Flashes of genius

Presentation is paramount in the Investment Round where first impressions are the only impressions. The exhibits bear a certain sophistication. Professionally designed branding and packaging suggests that these are real businesses, not simply student pipedreams.

But what sparks the imagination most of all is the sheer array of brilliant ideas on display. Take a look in any direction.

Epi For All, champion of this year’s Hollomon Health Innovation Challenge, has invented an inexpensive reusable epinephrine auto-injector used for emergency treatment of severe allergies.

Nova Solar Glazing, winner of this year’s Alaska Airlines Environmental Innovation Challenge, has developed an invisible window treatment that captures energy from the sun and converts it directly into the home’s electrical grid.

Goodwill Hunting delivers custom-branded apparel for school, sports, work or other organizations that is screen-printed or embroidered on eclectic sets of garments sourced from Goodwill Industries.

Upshot Nutrition is building an app that reports the full nutritional profile of whole and processed foods at the click of a smartphone camera.

Airy has invented a wireless and battery-less home security sensor that draws power from the movement of the cabinets, drawers, windows or doors that it monitors.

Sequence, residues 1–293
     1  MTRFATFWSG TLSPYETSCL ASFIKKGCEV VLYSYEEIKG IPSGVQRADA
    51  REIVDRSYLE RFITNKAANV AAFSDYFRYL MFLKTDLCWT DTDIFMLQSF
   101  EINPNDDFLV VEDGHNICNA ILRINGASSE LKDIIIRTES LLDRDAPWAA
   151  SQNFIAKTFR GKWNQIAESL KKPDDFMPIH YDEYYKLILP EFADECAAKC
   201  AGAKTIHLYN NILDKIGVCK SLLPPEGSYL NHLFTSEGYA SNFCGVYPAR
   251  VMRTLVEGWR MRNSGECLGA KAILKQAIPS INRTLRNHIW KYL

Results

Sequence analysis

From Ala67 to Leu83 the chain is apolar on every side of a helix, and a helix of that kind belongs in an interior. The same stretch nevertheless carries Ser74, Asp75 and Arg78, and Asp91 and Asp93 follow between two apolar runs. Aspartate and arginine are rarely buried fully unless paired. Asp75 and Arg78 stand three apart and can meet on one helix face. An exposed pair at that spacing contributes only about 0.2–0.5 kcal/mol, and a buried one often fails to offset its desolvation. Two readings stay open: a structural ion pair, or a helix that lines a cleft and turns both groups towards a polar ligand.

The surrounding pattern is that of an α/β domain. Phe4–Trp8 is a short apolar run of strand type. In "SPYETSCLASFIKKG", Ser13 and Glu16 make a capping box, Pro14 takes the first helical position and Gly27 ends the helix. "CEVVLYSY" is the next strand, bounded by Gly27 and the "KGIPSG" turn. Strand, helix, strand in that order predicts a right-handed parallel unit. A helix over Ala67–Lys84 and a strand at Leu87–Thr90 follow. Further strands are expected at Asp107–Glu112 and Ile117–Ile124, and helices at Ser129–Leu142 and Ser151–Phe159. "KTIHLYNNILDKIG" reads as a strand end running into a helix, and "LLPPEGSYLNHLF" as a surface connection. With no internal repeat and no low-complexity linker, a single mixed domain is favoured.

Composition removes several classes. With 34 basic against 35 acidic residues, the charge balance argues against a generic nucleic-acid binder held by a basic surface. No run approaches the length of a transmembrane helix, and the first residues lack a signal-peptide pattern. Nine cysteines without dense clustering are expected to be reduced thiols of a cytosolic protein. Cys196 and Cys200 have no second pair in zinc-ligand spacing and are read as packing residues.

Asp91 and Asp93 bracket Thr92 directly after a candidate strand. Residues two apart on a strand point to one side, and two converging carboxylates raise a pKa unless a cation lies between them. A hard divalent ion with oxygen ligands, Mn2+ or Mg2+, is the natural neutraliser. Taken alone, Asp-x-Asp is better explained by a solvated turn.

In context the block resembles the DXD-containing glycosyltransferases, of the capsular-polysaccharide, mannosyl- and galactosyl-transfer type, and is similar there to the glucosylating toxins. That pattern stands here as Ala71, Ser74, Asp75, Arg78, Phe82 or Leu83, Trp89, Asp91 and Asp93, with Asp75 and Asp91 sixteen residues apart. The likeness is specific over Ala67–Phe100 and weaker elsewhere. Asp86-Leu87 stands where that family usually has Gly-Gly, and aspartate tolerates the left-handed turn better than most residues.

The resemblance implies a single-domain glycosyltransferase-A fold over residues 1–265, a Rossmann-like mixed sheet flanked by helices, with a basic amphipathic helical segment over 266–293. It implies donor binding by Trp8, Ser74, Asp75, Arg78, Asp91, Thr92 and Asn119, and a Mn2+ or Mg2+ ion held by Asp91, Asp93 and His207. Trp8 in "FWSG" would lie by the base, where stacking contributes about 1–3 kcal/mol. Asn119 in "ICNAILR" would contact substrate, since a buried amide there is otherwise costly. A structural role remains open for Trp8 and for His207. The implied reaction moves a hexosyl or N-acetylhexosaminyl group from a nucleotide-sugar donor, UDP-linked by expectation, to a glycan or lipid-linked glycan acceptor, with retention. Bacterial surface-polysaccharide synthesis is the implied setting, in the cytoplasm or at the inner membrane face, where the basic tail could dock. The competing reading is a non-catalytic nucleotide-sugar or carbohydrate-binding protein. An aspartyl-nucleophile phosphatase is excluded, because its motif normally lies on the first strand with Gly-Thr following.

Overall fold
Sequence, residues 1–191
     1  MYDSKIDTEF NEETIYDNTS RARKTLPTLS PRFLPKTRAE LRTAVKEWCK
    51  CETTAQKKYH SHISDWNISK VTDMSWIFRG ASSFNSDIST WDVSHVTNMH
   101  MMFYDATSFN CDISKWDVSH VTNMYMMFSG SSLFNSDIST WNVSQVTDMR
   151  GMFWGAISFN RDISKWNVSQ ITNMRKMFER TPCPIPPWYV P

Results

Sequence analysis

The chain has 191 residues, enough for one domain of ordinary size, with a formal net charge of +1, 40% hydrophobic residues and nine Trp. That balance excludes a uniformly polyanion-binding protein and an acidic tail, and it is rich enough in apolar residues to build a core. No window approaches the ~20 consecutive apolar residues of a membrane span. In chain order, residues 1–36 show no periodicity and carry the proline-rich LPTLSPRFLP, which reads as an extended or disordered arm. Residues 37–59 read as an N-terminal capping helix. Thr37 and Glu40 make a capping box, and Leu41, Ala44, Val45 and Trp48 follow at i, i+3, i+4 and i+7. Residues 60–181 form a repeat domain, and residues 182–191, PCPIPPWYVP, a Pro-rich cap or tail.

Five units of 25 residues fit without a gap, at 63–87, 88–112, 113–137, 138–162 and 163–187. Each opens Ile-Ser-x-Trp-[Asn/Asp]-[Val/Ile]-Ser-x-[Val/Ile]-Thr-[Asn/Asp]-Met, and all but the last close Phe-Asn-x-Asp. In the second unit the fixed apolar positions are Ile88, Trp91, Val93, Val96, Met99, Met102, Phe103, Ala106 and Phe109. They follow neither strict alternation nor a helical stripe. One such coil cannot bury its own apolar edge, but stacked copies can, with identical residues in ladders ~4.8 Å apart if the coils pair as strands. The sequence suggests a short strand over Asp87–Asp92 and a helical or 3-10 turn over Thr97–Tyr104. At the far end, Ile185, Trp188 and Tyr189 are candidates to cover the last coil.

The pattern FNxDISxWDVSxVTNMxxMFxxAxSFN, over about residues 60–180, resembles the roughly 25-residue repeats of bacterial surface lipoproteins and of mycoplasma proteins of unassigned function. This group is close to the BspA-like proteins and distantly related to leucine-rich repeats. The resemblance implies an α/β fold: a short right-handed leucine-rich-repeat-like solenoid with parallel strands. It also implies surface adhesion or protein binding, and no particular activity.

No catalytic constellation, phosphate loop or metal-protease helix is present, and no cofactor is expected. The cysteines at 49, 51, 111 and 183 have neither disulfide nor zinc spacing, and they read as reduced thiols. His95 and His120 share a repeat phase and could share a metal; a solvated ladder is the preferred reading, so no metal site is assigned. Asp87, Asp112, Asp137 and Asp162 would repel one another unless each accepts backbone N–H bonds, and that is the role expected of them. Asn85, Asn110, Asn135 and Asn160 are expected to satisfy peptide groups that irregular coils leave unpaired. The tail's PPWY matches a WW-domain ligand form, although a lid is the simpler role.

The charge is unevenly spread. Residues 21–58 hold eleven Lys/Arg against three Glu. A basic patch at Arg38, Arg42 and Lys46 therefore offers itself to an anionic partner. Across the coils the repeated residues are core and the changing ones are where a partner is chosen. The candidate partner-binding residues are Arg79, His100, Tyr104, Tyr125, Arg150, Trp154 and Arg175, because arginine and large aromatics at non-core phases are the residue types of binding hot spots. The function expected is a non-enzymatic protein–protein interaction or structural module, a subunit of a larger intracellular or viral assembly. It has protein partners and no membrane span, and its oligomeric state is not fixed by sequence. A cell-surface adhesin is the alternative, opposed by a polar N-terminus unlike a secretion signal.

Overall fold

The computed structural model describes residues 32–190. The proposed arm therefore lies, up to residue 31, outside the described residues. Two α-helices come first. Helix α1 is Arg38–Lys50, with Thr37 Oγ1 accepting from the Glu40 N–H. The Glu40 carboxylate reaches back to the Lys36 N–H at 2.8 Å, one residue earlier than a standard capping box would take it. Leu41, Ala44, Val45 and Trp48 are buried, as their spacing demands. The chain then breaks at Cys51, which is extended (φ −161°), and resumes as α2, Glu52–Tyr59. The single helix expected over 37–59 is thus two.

Lingnin Biojet is converting a byproduct of the paper industry into a renewable alternative to conventional jet fuel.

Abilitrek is the world’s first travel booking site to rate accommodations and attractions on accessibility for travelers with disabilities.

Membrion has converted technology from the food packaging industry into inexpensive and effective membranes for water filtration, alternative energy and advanced batteries.

SwarmFX is deploying a fleet of drones as a safer and more effective means of surveilling and fighting wildfires.

ShopSight uses RFID technology to generate an online-level of customer data by tracking the in-store shopping experience.

PlayGait has developed a flexible “exoskeleton” brace that allows kids with neuromuscular disorders, such as multiple sclerosis, to practice walking outside of therapy sessions

Daso Soccer Smart Wall is a multi-sensored backstop delivering data points on accuracy and power for future Clint Dempseys and Alex Morgans.

LC-Tourniquet is a refrigerated leg wrap that slows the decay caused by a bleeding wound or blood clot, preventing the need for amputation.

And then there is IssueCounsel, which uses artificial intelligence and machine learning to aggregate the world’s existing arguments and quotes into a simple pro/con visual framework that supports public affairs, public relations, lobbying and litigation. Oh, and maybe politics, too.

The astute aggregation of judges will decide this company’s fate in the competition. But to this untrained eye, in these days of “alternative facts” and “fake news,” it sounds pretty darned smart.

Don’t they all?

The Sweet 16 and Final Round of the UW Business Plan Competition take place May 25.